Rebecca Stark is the author of The Good Portion: God, the second title in The Good Portion series, a series written to encourage women to immerse themselves in the depths of Christian doctrine.

The Good Portion — God explores what Scripture teaches about God in hopes that readers will see his perfection, worth, magnificence, and beauty as they study his triune nature, infinite attributes, and wondrous works. 

Rebecca also blogs at Out of the Ordinary.

                         

Tuesday
Jul262005

By Faith Noah

This is the fourth post in a series on Hebrews 11. You’ll find the other posts in this series here.

After discussing the faith of Enoch in verses 5-6, the writer of Hebrews moves to the next faithful “ancient” on his list.

By faith Noah, when he was warned about things not yet seen, with reverent regard constructed an ark for the deliverance of his family. Through faith he condemned the world and became an heir of the righteousness that comes by faith. (Hebrews 11:7 NET)

We’ll find God’s forewarning to Noah about these “things not seen” in Genesis 6:

I am about to bring floodwaters on the earth to destroy from under the sky all the living creatures that have the breath of life in them. (Genesis 6:17 NET)

The flood God warned of was unseen in the sense that it was yet to come, and also in the sense that it was unlike anything Noah had ever experienced. God spoke a warning and gave a command to Noah, and that word from the unseen realm of the eternal was more real to Noah than what his own five senses told him. There was no sensory evidence of what was coming, but on the basis of God’s word alone, Noah was convinced of the reality of the coming flood and destruction. He built the ark because his firm conviction of   the rock-solidness of what was yet unseen to him.

Noah obeyed God’s command to him, but those around him—the “world”—did not heed God’s warning. His faithful obedience stands in contrast to the disobedience of the rest. His faith in action condemned them.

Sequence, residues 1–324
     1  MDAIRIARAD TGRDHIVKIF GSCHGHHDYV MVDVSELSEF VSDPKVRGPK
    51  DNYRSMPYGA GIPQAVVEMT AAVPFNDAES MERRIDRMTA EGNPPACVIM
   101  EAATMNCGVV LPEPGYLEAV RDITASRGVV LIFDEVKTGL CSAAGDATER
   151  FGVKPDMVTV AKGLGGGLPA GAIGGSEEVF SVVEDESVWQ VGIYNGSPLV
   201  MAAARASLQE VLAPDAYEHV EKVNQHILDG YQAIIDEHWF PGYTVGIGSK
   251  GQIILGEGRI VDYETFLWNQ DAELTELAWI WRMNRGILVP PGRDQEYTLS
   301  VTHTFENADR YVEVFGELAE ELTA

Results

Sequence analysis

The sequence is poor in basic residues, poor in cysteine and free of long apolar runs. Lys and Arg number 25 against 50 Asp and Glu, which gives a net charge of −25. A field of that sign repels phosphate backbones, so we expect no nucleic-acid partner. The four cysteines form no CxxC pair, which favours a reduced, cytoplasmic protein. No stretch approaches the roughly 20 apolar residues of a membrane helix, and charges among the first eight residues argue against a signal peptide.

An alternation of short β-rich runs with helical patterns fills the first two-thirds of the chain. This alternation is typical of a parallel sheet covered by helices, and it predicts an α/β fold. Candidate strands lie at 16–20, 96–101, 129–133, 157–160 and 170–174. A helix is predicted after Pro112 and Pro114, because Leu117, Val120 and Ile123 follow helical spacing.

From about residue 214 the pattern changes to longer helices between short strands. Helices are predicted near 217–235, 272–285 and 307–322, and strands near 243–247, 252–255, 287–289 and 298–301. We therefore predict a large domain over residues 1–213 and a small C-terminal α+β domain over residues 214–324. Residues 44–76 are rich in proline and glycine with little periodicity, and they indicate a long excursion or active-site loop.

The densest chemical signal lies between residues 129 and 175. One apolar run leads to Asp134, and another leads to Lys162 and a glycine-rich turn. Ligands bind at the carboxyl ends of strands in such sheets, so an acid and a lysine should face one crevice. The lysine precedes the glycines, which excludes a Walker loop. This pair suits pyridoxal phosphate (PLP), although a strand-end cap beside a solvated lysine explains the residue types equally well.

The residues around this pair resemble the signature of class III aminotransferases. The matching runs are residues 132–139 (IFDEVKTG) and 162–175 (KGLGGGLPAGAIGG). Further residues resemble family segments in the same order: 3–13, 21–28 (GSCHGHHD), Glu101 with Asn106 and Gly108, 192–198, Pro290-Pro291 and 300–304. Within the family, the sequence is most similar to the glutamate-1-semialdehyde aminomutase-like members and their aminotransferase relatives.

But more than that, Noah received something through his faith: He “became an heir of the righteousness that comes by faith.” His status changed as a result of his faith, because he was given the righteous standing before God that comes through faith.*

*This is not the way the writer of Hebrews most often uses the word “righteousness,” but it does seem to be the way he uses it here.

Thursday
Jul212005

By Faith Enoch

The first two posts in these series are here and here.

Enoch is the second of the faithful ancients to be listed in Hebrews 11. The writer of Hebrews tells us this in regards to Enoch and his faith:

By faith Enoch was taken up so that he did not see death, and he was not to be found because God took him up. For before his removal he had been commended as having pleased God. Now without faith it is impossible to please him, for the one who approaches God must believe that he exists and that he rewards those who seek him. (Hebrews 11:5-6 NET)

You’ll remember Enoch from the Old Testament as the the man who “walked with God.” Here’s the Genesis record of his life:

When Enoch had lived sixty-five years, he became the father of Methuselah. After he became the father of Methuselah, Enoch walked with God for three hundred years, and he had other sons and daughters. The entire lifetime of Enoch was three hundred and sixty-five years. Enoch walked with God, and then he disappeared because God took him away. (Genesis 5: 21-24 NET)

There’s not a whole lot there, and what is there is quite mysterious, isn’t it? And still, the writer of Hebrews sees in Enoch’s life an important lesson about faith.

It was as a result of his faith the Enoch did not see death. The Old Testament account tells us simply that “God took him away.” Enoch was just there one day and gone the next, and his mysterious end was because he had faith.